Potential Legal Challenges
In this subsection, we identify categories of laws that restrict access to land. Appendices 1 and 2 provide a 50-state survey of the laws discussed in this chapter. Neither this subsection nor the appendices provide complete and detailed answers about the applicable laws in any given state; instead, they are intended to give you a broad overview of the applicable laws. We encourage you to use the tools at your disposal, such as local libraries and the internet, to conduct further research about the local laws where you live. Laws change and evolve; please remember that the resources in this manual do not constitute legal advice, and that you should seek representation should you encounter any legal issues.
Summary: You commit a trespass only when you go on someone else’s land without the owner’s permission. If you stay on public or private lands where you have permission to be, then trespass laws will not be a problem for your research. If you need to take samples on private land or cross private land to get to your sampling location, then you can seek permission from the property owner. Otherwise, you will generally be safe if you avoid areas that are marked off by fences or “no trespassing” signs. In a few states (indicated in this subsection), you need to use GIS maps to identify property boundaries and therefore avoid accidentally crossing onto someone’s property. Additionally, a few states have specialized laws that punish trespass and even photography around industrial and agricultural sites. You will want to be aware of whether your state has such a law. For the most part, you can avoid trouble under these laws by not entering any clearly off-limits sites – the same advice as with trespass generally. Nonetheless, it would be wise to utilize GIS maps and to be aware of property lines when conducting research around such a facility.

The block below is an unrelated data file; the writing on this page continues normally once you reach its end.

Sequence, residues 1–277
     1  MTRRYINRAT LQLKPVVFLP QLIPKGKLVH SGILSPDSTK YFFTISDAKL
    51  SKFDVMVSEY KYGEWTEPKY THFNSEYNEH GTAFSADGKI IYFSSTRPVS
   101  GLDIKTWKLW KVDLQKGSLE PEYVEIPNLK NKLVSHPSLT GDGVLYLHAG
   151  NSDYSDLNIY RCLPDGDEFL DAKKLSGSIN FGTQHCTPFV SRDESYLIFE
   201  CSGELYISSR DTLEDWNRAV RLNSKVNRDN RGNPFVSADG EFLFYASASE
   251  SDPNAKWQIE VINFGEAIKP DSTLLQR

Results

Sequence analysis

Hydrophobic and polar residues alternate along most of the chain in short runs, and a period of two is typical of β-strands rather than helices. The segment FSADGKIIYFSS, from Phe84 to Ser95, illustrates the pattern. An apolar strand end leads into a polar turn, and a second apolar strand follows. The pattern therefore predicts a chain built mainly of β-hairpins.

Broadly defined, a trespasser is someone who physically enters or remains on another person’s property without that person’s consent. Liability for trespass generally takes two forms: criminal (prosecution by the government) and civil (private lawsuits). In addition, certain states impose heightened liability for trespass—or even taking photographs—around industrial or agricultural facilities.
a. General Criminal and Civil Trespass
Every state has its own criminal trespass statute. If you are interested in learning more about your state’s criminal trespass statute, you can begin by locating your state’s criminal code online. These statutes generally define trespass as unauthorized entry onto someone else’s land. Beyond that basic definition, many states have varying degrees of criminal trespass, meaning that certain forms of trespass may be punished more severely than others. In Alabama, for example, first degree criminal trespass occurs when a person knowingly enters someone else’s home without permission; second degree trespass occurs when a person crosses, without authorization, onto private land that is fenced off or otherwise bears markers of private property.
The role of notice varies among state criminal trespass statutes. Most states require that, to be guilty of criminal trespass, an individual must have had notice that he or she was entering private property without authorization (e.g., a “no trespassing” sign or a fenced off area). Six states, however, do not require notice: Colorado, Louisiana,Tennessee*, Utah, Wisconsin, and Wyoming. In these states, trespass is an absolute liability crime – meaning that being unaware that you were not supposed to be on the property in question is not a valid defense in these instances. If you are conducting your project in one of these states, you should carefully scrutinize current GIS maps and property records before entering your project’s site of interest. In other states, common sense should suffice: avoid entering fenced or marked-off areas without permission.